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rockfan's avatar

Could an obsession with guns and gun collecting be a form of OCD or mental illness?

Asked by rockfan (7899points) August 12th, 2017 from iPhone

A friend of mine on Facebook posted “New rifle! But I can still count how many guns I own on one hand, I must correct this asap.”

Realistically, someone who hunts and also wants a gun for protection really only needs 2 or 3 guns. So it strikes me as sign of mental instability if someone wants more than ten. Your thoughts?

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16 Answers

Dutchess_III's avatar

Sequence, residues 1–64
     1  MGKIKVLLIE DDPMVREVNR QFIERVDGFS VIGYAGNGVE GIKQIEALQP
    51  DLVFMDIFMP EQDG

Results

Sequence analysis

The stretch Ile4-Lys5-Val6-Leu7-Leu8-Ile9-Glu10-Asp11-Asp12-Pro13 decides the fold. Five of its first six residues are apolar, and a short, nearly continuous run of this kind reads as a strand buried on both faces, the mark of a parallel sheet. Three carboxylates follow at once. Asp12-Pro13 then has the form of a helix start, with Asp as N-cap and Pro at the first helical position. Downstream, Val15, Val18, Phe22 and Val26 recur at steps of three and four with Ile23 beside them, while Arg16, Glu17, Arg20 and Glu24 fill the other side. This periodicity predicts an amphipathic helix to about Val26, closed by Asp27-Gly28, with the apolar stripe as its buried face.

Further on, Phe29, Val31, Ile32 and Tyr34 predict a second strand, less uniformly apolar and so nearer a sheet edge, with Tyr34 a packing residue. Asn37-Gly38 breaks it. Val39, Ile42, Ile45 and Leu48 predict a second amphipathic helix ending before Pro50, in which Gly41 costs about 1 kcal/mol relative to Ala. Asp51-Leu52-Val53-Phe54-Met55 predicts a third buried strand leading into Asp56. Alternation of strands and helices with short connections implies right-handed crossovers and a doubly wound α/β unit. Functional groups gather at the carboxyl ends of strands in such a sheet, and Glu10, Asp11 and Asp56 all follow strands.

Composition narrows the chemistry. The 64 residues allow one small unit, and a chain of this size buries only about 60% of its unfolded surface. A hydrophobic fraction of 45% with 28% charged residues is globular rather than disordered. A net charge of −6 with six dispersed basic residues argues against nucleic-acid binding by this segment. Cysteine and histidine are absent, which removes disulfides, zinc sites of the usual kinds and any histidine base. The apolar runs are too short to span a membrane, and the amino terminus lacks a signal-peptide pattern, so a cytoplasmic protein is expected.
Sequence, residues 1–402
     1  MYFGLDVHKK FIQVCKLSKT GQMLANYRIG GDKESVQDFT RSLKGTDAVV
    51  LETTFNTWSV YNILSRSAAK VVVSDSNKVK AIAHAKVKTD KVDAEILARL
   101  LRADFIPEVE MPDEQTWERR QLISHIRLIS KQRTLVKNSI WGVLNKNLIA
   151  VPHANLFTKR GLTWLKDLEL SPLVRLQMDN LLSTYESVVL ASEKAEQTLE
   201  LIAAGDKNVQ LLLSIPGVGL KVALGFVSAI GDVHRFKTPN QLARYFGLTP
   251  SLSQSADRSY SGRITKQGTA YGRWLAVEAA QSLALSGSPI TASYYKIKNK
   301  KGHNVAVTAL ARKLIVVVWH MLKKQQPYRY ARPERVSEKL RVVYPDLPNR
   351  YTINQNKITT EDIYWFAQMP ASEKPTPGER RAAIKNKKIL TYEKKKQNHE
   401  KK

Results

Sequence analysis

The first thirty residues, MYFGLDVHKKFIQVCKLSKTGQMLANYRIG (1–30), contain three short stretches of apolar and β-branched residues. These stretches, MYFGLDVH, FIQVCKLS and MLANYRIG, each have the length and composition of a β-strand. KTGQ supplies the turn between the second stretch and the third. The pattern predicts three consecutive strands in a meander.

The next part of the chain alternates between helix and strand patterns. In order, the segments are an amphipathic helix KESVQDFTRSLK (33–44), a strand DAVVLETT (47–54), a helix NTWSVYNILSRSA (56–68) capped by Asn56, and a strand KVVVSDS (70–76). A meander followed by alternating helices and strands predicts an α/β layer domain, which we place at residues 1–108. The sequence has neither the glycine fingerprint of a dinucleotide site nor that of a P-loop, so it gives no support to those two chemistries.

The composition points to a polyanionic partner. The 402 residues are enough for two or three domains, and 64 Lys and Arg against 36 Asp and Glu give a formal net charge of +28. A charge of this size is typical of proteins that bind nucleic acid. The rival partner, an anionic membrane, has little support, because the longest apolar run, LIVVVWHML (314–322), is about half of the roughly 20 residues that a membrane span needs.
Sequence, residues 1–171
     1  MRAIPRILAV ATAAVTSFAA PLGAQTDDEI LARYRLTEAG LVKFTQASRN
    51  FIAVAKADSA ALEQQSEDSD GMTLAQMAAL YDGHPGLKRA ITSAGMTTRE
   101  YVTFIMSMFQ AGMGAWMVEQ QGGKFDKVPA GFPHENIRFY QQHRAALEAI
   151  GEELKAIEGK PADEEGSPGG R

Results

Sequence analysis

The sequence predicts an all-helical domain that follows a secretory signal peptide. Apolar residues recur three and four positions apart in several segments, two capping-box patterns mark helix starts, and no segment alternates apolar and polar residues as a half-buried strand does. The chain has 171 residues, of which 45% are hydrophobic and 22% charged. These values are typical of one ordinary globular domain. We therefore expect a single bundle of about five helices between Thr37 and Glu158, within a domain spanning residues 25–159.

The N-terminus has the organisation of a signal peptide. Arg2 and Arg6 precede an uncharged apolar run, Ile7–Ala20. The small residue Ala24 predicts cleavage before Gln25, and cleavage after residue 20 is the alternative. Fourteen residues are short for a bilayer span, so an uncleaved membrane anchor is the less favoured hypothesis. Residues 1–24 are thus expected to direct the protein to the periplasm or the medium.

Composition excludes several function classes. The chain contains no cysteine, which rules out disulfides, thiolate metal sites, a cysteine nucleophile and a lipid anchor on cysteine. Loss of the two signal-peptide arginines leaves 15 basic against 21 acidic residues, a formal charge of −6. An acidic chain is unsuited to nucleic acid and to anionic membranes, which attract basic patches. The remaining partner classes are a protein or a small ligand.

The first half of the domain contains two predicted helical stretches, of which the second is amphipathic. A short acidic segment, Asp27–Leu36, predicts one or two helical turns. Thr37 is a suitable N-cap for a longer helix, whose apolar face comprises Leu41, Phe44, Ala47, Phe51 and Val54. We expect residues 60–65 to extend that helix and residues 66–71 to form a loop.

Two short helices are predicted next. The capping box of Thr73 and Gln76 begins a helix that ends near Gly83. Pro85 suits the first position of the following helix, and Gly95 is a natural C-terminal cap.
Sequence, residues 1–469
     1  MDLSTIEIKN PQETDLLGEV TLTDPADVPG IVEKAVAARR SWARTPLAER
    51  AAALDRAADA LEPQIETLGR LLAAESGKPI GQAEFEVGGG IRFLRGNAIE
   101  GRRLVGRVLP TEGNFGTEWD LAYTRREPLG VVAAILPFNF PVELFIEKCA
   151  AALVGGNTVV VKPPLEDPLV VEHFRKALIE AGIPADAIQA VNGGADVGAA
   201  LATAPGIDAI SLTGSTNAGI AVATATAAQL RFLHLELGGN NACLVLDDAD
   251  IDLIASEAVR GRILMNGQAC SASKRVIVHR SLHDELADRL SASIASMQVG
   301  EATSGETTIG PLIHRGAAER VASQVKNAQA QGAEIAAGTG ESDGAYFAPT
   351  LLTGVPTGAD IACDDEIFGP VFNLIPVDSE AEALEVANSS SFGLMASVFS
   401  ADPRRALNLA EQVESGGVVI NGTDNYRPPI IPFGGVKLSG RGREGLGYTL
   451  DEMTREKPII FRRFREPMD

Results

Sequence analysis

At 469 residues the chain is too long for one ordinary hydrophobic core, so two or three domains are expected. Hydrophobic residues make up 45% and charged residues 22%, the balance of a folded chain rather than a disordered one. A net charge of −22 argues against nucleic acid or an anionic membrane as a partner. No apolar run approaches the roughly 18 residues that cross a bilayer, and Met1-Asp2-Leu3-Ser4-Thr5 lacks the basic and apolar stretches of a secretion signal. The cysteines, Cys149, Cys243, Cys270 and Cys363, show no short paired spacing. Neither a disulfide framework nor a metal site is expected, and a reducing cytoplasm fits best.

I think everyone has mild forms of OCD. Like with one any mental illness it depends on the intensity and how badly it disrupts their normal life.

I think in the example you gave it’s just a guy who is substituting his weapons due to some sort of masculine insecurity.

flameboi's avatar

Not really, with unlimited funds I’d have more cars than Jay Leno and Ralph Lauren combined. Your friend just likes guns. Besides, we are all a bit crazy in our own particular way.

chyna's avatar

I can’t even count how many shoes and purses I have. I don’t think I have a mental illness.

CWOTUS's avatar

As the others have said, why single out guns? Some people collect Hummel figurines, matchbook covers, stamps…

MrGrimm888's avatar

Well. I own more than 2, or 3… Guns have many purposes. You may not understand the importance of the differences.